International Conference, October 24–26, 2022, Munich, Germany
Center for Holocaust Studies at the Leibniz Institute for Contemporary History
Children are the primary victims of wars, armed conflicts, and genocides. They perish first and in disproportionately large numbers. Wars and genocides also destroy the family and family bonds, and that is so strikingly visible in the case of child survivors who are impacted for life with painful memories of the loss of parents, childhood, and community, and of displacement. Thanks to the last two decades of historical, sociological, anthropological, literary, and ethnographic research, scholars now know much more about the world of thinking, being, and feeling of Jewish and non-Jewish European children and youth, alongside their daily experiences, both during and in the aftermath of the Second World War.
The mass of scholarly works on Jewish and non-Jewish child survivors and youth of the Nazi era, and the studies of the ways young survivors were treated by relatives, adoptive parents, social workers, medical staff, and respective states in the aftermath of the Second World War, is constantly growing. However, large research gaps remain, especially concerning the German war in the East. Similarly, specific histories of child survivors of other genocides in the twenty century and beyond are lacking. But thanks to the recent endorsement of child-centered historical methods and interdisciplinary approaches, the experiences and memories of child survivors of the post-1945 wars and genocides have also begun to be investigated. This offers us a new and vital opportunity for systematic and focused comparative studies of timely topics such as the role of a child’s gender and agency as well as different social groups and resources that enabled the children to survive; family status, gender, and adoption of orphaned children in the aftermath of war and genocide; and the child survivors’ official state status, rehabilitation, education, and displacement, among others.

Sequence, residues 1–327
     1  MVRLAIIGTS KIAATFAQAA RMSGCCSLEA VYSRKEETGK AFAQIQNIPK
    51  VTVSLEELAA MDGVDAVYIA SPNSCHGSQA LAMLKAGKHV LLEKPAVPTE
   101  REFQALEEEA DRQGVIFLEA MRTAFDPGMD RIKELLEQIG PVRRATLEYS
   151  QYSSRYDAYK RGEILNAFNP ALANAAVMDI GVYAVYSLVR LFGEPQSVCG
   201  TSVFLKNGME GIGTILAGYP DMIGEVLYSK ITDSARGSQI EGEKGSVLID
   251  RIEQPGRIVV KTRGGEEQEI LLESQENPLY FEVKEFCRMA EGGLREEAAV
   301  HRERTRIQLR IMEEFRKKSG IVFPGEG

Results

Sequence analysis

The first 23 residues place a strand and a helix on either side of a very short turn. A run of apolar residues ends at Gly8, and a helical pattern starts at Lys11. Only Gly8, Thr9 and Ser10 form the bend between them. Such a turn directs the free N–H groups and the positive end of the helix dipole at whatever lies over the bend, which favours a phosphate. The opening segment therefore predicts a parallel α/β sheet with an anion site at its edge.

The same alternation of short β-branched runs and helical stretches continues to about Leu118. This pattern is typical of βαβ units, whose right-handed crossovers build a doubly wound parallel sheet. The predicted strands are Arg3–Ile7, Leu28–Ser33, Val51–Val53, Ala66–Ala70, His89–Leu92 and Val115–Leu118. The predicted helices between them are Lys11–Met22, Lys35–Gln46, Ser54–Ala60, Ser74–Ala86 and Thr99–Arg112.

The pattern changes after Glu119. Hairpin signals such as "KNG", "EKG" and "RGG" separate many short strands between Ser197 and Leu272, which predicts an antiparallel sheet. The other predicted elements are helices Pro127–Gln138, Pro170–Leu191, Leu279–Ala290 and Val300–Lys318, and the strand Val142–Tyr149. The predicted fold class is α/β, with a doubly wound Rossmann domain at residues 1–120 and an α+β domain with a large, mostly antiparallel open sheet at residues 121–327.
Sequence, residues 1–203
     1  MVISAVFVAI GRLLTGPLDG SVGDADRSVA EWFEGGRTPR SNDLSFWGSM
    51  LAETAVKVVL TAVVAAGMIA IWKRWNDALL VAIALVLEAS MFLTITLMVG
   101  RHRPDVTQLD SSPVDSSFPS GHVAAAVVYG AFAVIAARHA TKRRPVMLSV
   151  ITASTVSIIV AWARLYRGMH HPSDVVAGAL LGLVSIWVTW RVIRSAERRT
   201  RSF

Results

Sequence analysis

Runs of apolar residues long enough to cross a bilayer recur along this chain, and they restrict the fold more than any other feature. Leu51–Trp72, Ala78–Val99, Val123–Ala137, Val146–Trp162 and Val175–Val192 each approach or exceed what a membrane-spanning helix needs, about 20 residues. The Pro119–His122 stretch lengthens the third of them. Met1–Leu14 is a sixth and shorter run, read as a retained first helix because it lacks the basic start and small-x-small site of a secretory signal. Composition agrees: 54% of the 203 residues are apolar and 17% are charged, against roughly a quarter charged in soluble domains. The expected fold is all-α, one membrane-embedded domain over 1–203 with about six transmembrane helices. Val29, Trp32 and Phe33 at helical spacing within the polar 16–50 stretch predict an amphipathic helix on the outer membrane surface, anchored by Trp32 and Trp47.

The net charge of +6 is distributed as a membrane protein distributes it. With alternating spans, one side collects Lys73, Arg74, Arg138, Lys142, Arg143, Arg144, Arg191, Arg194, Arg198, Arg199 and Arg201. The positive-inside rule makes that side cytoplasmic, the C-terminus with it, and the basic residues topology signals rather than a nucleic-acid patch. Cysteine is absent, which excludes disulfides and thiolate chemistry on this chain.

One of the main goals of the two-and-a-half-day international conference is to shed light on those topics and others, through comparative and transnational lenses. Our aim is not only to seek similarities and differences among cases but also to use one set of phenomena to understand the other. The conference organizers are interested in innovative contributions which tackle various historical and contemporary case studies of children and war and genocide. The organizers have three objectives. First, while the initial focus is on the Holocaust and the occupied European territories during the Second World War, we are also interested in taking a more global outlook at the experiences and representations of children who experienced, witnessed, and survived war and genocide during the twentieth and twenty-first century. Second, to explore similarities and differences in the experiences and life stories of displaced, orphaned, and also physically and mentally disabled young survivors of the Holocaust, and the genocides in Armenian, Rwandan, Cambodian, and Bosnian, among others. And third to examine the effect of war and genocide on children and childhood: on children’s emotions, needs and social identities; children’s social relations within family and friendship and long-life ties; and their role in the reconstruction of family in the aftermath of war and genocide.